Distortions

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Knopf Doubleday Publishing Group, Apr 20, 2011 - Fiction - 288 pages
4 Reviews
Haunting and disturbingly powerful, these stories established Ann Beattie as the most celebrated new voice in American fiction and an absolute master of the short-story form. Beattie captures perfectly the profound longings that came to define an entire generation with insight, compassion, and humor.


From the Trade Paperback edition.
 

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Review: Distortions

User Review  - Goodreads

Another great collection. I liked the ones in the second half better than those in the first. Especially fine are “Wolf Dream” and “Wanda's.” Very 1970s yet timeless and literary in quality. Read full review

Review: Distortions

User Review  - Goodreads

i like this so much. have been feeling maybe 'unexcited' or something by reading recently. read some of these stories and feel very 'excited' about reading and other things. 'excited/unexcited' doesnt seem like quite the right word. Read full review

Contents

Snakes Shoes
Fancy Flights
Imagined Scenes
Wally WhistlesDixie
Marshalls Dog
Downhill
Hale Hardyand the AmazingAnimal Woman
Four StoriesAbout Lovers
Wolf Dreams
Wandas
TheParking Lot
Vermont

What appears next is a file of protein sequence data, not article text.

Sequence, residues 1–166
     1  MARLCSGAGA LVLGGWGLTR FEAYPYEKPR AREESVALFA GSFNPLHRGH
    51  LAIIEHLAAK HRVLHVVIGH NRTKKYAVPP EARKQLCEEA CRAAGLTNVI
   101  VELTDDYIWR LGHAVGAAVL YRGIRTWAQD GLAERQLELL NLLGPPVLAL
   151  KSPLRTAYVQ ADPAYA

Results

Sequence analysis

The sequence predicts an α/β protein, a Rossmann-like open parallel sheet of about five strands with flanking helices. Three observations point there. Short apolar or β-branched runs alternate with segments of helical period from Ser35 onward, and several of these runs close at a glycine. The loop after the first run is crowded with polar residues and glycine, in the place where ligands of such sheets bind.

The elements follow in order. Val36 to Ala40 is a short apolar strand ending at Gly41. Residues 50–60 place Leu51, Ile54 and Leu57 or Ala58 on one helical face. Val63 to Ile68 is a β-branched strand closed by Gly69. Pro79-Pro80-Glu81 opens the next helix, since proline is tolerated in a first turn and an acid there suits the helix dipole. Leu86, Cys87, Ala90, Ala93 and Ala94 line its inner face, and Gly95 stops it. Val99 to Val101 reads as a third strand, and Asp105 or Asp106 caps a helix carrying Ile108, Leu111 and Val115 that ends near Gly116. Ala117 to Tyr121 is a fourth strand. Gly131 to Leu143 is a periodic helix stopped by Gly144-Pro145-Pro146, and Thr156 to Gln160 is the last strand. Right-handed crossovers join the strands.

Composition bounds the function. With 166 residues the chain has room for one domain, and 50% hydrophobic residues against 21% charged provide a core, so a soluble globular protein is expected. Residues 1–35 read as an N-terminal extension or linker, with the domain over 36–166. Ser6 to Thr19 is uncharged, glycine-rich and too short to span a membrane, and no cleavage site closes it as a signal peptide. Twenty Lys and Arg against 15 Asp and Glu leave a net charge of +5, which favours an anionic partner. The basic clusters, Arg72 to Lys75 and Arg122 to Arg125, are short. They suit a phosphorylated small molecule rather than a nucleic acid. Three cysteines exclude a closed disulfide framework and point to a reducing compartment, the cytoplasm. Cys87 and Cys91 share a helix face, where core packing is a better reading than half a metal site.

Gaps
Its JustAnother Dayin Big Bear CityCalifornia
Victor Blue
The Lifeguard

A PlatonicRelationship
Eric ClaptonsLover
ABOUT THE AUTHOR
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About the author (2011)

Born in 1947, Ann Beattie grew up in the suburbs of Washington, D.C., attended college at American University, and went on to do graduate work in English literature at the University of Connecticut. She began writing stories out of frustration with her doctoral work. After rejecting twenty-two submissions, The New Yorker published Beattie's "A Platonic Relationship" in 1974, and Beattie became a regular contributor to the magazine. Her first collection of stories, Distortions, and her first novel, Chilly Scenes of Winter, appeared simultaneously in 1976 and initiated a long-standing critical debate as to whether Beattie's greater strength is in the story or the novel. All critics agree, however, on the uniqueness of her style and her uncanny ability to expose certain truths about contemporary life, particularly as it lived by those of her own generation and social class. She lives in Maine and Key West with her husband, the painter Lincoln Perry.


From the Trade Paperback edition.

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